There’s something heartwarming about old television series. I think the exact era would depend on the generation, but those “shows we grew up with” just hold a special place in our memories.
I spent about two and a half weeks during the past month rewatching “Boy Meets World.” All seven seasons. In less than three weeks. I should probably be ashamed of that fact, but I’m not.
Three things really stuck out at me following the series finale (although I actually thought of them throughout my watching): 1. Old TV shows cared much more about having some sort of moral lesson than new TV shows, 2. It’s amazing how much the writers abandoned any attempt at continuity throughout the series and 3. Topanga is a really weird name.
I tend to notice any sort of continuity issue in shows, and it’s particularly noticeable now that I’m used to shows like “How I Met Your Mother” that focus on continuity almost more than anything else. And the myriad inconsistencies in BMW lead to great conversation topics among fellow kids of the ‘90s (What happened to Shawn’s sister and random trailer park brother, and what happened to Topanga’s sister? Why did Morgan disappear for the first third of Season 3 and come back from “the longest timeout of her life” as an entirely different person? Why did Topanga have three dads and two moms? Whatever happened to Mr. Turner after that motorcycle accident? Was Mr. Feeny some sort of super-benevolent stalker?)
Beyond all of those questions that demand an answer – and believe me, there are many more – I actually found the series’ absolute disregard for continuity kind of encouraging as I marathoned episode after episode.
There’s a certain discontinuity in life that we cannot avoid. We move around, work different jobs and join different groups of friends. Even without seemingly major life-shattering events, we find that over the course of several years we lose a lot of the things that played a role in earlier times.
Desperately clinging to things in the past becomes a growing burden the longer we live. You can see this in the progression of HIMYM, where stories have to become increasingly intricate to consistently build on the world created by past episodes. Occasionally things slip (like Barney never learning to drive and then spending an episode constantly speeding in an effort to talk his way out of a ticket), but what more can we really expect?
Boy Meets World focused on a few vital relationships and let the rest take care of itself as the writers tried to tell a story. They never let forgotten (or insanely-quickly-growing, in the case of little brother Joshua in the series finale) siblings get in the way of the point of the show.
Even more remarkable, the writers never allowed drastic character shifts to get in the way of growth. Topanga begins as a crazed hippie girl who doesn’t seem to care about grades or traditional academia in the least and transforms into a nerdy overachiever who succeeds at everything and is, at least somewhat, materially focused. Shawn goes from a troublemaking slacker with little going for him into a sensitive poetry-loving writer. Eric goes from a slightly aloof popular guy who is fairly good with women to Plays-With-Squirrels, a hermit who marries a moose and writes his manifesto.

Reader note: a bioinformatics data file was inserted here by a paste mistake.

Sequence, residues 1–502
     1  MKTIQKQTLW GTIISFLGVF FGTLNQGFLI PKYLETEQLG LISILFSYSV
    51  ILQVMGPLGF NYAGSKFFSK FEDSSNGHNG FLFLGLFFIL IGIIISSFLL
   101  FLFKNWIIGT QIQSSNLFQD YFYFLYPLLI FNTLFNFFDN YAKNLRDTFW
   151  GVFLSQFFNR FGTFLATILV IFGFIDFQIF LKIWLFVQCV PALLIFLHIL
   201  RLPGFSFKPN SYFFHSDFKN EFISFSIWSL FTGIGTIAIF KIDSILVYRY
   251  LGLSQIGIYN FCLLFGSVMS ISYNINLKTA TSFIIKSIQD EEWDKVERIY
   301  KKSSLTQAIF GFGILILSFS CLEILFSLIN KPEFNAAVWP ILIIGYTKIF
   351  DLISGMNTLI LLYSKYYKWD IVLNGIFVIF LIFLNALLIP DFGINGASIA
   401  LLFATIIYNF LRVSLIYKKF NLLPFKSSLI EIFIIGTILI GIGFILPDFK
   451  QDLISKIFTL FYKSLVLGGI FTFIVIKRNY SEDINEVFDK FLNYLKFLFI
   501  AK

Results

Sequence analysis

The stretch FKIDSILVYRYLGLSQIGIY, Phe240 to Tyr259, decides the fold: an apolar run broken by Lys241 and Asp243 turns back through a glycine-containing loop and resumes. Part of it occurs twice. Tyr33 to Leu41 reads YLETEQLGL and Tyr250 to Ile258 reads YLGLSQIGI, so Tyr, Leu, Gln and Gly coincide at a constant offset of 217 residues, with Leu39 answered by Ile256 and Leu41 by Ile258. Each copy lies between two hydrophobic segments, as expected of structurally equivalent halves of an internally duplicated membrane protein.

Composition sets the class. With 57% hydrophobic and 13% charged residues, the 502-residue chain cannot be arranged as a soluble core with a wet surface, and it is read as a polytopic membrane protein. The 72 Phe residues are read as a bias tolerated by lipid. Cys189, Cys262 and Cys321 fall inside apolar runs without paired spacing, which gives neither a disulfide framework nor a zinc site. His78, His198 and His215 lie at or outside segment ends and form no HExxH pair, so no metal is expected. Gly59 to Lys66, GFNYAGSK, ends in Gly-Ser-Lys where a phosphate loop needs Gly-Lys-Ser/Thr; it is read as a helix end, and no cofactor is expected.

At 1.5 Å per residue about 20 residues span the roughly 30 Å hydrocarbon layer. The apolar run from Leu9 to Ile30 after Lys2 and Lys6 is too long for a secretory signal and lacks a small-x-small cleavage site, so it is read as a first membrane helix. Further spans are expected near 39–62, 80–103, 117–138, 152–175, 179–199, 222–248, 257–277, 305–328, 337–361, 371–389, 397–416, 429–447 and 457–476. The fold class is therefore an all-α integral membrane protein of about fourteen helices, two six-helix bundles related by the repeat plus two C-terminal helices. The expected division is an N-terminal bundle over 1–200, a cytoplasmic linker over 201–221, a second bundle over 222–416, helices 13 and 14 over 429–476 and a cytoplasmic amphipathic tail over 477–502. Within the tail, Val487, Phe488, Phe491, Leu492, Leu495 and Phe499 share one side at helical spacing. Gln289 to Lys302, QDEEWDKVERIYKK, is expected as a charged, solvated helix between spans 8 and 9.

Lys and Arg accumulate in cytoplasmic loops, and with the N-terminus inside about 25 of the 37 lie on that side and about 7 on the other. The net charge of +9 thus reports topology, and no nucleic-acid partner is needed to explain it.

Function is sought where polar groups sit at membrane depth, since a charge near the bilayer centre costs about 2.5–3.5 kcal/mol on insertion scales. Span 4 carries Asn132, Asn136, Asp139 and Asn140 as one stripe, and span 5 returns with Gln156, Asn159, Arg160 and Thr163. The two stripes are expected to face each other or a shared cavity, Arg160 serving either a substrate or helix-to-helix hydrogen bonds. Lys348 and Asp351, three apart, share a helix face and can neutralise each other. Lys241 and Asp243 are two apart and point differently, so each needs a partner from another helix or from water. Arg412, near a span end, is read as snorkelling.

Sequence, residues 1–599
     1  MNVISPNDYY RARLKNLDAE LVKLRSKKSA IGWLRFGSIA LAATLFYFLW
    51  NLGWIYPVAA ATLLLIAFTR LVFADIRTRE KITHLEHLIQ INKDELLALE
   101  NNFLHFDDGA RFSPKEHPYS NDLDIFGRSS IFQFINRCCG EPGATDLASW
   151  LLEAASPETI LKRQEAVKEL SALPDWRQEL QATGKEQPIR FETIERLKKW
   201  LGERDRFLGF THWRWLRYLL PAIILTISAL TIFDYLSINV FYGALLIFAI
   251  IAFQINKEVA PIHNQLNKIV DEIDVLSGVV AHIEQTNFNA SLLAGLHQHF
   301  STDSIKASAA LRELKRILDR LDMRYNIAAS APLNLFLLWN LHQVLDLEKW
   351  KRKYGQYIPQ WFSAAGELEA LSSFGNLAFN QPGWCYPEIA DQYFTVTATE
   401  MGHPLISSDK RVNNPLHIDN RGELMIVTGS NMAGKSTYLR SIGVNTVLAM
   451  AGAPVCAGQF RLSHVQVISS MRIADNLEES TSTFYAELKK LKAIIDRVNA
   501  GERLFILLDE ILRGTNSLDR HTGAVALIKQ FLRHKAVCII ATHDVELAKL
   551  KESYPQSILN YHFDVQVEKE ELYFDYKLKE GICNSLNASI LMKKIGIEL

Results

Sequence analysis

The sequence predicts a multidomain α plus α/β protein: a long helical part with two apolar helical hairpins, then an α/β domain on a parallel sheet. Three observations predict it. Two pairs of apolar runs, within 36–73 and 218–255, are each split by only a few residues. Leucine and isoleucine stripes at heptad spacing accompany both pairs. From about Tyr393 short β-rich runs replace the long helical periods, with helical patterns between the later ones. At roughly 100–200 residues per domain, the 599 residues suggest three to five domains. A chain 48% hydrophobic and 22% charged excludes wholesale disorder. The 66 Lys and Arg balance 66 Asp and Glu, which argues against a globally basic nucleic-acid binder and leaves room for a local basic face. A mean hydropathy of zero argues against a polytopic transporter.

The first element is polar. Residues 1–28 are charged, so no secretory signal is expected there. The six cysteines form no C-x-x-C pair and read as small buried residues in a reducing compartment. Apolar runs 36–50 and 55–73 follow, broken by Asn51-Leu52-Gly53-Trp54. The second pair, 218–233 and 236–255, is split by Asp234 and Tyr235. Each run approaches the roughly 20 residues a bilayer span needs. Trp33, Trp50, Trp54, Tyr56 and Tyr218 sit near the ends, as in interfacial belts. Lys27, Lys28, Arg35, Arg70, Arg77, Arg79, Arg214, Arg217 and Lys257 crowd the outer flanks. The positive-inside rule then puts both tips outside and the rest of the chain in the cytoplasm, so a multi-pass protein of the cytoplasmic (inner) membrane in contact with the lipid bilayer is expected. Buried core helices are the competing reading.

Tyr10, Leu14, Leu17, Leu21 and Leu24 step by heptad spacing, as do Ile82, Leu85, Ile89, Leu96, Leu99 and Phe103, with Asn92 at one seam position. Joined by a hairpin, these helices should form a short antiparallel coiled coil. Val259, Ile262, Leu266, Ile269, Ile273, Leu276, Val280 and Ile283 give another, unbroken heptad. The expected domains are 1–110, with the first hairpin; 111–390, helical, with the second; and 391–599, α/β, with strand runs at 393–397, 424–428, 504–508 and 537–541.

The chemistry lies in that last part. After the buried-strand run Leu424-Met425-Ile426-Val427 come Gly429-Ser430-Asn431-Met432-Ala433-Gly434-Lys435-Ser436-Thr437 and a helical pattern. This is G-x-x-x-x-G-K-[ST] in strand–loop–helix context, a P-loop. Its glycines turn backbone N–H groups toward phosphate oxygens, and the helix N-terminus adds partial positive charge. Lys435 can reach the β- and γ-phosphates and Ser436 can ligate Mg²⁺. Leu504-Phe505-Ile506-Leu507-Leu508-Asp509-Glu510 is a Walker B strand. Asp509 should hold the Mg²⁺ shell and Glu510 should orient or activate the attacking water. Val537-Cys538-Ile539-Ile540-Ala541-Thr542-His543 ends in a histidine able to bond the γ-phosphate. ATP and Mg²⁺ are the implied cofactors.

But a few nights ago I was talking with one of my friends about how much we’ve changed since high school and even college. I still find it somewhat remarkable that all my friends down here think I’m super laid back and practically incapable of losing my grip and snapping at someone. I’m sure my mother would very quickly set the record straight on that one.
Through it all, we have those key relationships in our lives that grow as we grow and change as we change. Yet they always remain. And while the scenarios and experiences of the characters on the show may be a little too cliché at times, I honestly believe every situation in our lives has the potential to teach us something.
I’ve always loved the words Eric/Mr. Squirrels writes in his manifesto during the final season. His book consists of thousands of blank pages and one line of wisdom: “Lose one friend, lose all friends, lose yourself.” Ironically, Eric’s best friend from the early seasons, Jason, is one of numerous characters who pulls a disappearing act from the series, never to be mentioned again. Perhaps that’s the point when Eric transforms from a fairly normal teenager into, well, Eric?
Anyway, my life will likely never have the sage leader Mr. Feeny ready to advise me on all matters. And the issues I encounter will rarely be resolved in 30 minutes (or 60 in the rare cases of to-be-continued). But I do have a support system like Corey, helping me as I grow and meet the world or become acquainted with the universe.
The one part that still sticks out as just over-the-top unrealistic? Topanga is a really weird name.